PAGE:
The answer is a 'qualifed no'. The reason being is that the film took a simplistic, narrow and rather biased view of feminism and women's rights that focussed almost entirely around relationship breakdowns and divorce. So in that sense it was more about how entrenched violence is in the American culture, its justice system and how various states deal with men and women who separate; which, let me tell you, is not all that well. Harrowing stories of children being put up for adoption because mothers did not want fathers to have them, unequal access, multiple partners - the really ugly side of relationship breakdown was on display on the big screen, and it was heartbreaking.
The main protagonists on the pro-male side were Paul Elam, founder of A Voice for Men; Harry Crouch, president of the National Coalition for Men; Warren Farrell, author of The Myth of Male Power; and Erin Pizzey, who started the first domestic violence shelter in the UK. They were all quite bitter about how 'the system' appeared to support women's claims ahead of those of men - particularly with regard to children. They gave many case studies and appeared to be genuinely perplexed as to why they were being treated so poorly and why the system appeared skewed in favour of women.
The common statistic used was that 1 in 3 women experience domestic abuse but that 1 in 4 men do as well. Doing some research into the statistics in Australia (the movie quotes US figures where violence is far more inculcated into society and did not give its source) it is more likely that 1 in 6 women and 1 in 20 men have experienced at least one incidence of violence from a current or former partner since the age of 15. (http://www.abc.net.au/news/factcheck/2016-04-06/fact-file-domestic-violence-statistics/7147938
). Regardless of the numbers, they are still too high. The point being that there are many nuances around the definitions of abuse and some of these appear gender biased.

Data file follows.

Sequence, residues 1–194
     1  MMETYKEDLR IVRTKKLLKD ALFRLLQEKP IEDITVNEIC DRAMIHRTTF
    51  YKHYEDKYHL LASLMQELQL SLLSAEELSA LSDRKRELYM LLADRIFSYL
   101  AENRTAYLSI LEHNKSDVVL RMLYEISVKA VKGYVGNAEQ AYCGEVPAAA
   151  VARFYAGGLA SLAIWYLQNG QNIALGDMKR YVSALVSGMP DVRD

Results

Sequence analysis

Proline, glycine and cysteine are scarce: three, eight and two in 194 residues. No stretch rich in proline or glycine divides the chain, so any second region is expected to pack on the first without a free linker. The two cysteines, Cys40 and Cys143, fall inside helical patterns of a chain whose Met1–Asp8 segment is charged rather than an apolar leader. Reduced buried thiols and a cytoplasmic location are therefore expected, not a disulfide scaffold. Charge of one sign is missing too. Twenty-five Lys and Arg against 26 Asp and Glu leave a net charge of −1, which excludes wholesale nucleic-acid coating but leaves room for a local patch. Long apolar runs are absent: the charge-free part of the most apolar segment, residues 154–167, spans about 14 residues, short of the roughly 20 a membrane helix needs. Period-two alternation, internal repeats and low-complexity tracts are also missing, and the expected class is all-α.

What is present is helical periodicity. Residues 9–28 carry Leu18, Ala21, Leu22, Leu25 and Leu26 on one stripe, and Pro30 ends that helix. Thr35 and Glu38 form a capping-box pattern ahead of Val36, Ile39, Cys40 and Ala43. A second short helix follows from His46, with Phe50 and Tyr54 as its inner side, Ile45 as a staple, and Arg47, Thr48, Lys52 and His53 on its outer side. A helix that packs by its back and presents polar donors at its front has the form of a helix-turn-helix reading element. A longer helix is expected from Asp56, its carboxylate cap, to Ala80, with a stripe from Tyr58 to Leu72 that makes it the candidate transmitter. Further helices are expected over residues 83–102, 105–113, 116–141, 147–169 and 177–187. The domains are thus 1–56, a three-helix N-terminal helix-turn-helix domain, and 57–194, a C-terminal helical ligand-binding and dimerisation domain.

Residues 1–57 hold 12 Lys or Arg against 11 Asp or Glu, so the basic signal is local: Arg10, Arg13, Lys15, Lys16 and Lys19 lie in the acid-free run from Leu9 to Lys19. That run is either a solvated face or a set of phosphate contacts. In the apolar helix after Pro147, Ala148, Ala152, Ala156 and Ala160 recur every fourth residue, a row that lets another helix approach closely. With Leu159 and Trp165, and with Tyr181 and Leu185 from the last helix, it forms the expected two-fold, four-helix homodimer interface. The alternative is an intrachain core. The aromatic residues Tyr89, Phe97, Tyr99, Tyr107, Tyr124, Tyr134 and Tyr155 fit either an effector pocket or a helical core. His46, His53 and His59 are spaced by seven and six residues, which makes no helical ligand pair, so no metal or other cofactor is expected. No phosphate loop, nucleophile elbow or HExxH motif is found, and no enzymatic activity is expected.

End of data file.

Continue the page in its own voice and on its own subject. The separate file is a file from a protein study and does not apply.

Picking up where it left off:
My male friend who attended the movie with me, made the observation that the movie took particular note of a counselling approach that may be highly prejudicial against men. It appears to have little scientific basis, yet it has become the mainstay in many domestic abuse court hearings in America (and possibly Australia.) It is called the Duluth model of Power and Control. Amongst the things it says is that you don’t need to ask the perpetrator of abuse why they are doing something as part of their healing is in fact to come to believe in the model and its assessment. There is little space for exploration and trust - as you are seen as not being able to change if you don't agree with the model.
What then of the movie's portrayal of women and feminism? Sadly it was mostly very radicalised feminism we saw in action - protests by women who spent a lot of time screaming obscenities and abuse to stop men's rights groups meeting or holding events. A very ugly and confrontationist view that juxtaposed the extremes in the views held by women and men.
There were also attempts to show that the world is more sympathetic to women rather than men with a comparison of how the media responded to Boko Haram kidnapping 300 girls in Nigeria compared with it capturing and burning alive more than 60 young boys previously, which went largely unreported. Also, one which appeared somewhat bizarre to me, was a comparison made between the general level of horror at female circumcision and the public acceptance of male circumcision in many societies.
At the end of the movie, Casey Jaye declared she was no longer a feminist having explored the issues for a year or more. However, given the somewhat one-sided and simplistic portrayal of the men's rights movement and feminism it was a declaration that appeared short on fact and lacking awareness of the nuance and complexities surrounding domestic violence and separation.
The movie raised for me people's failure to acknowledge that with rights come responsibilities and a need for respect and grace in relating to other people. The Red Pill served to highlight that the system is reflecting the worst, not the best, of humanity when it comes to addressing conflicts between men and women. My summation is that at its best The Red Pill will increase awareness as to the disenfranchisement some men feel with the rise of the feminine, but at its worst will only serve to ignite more conflict.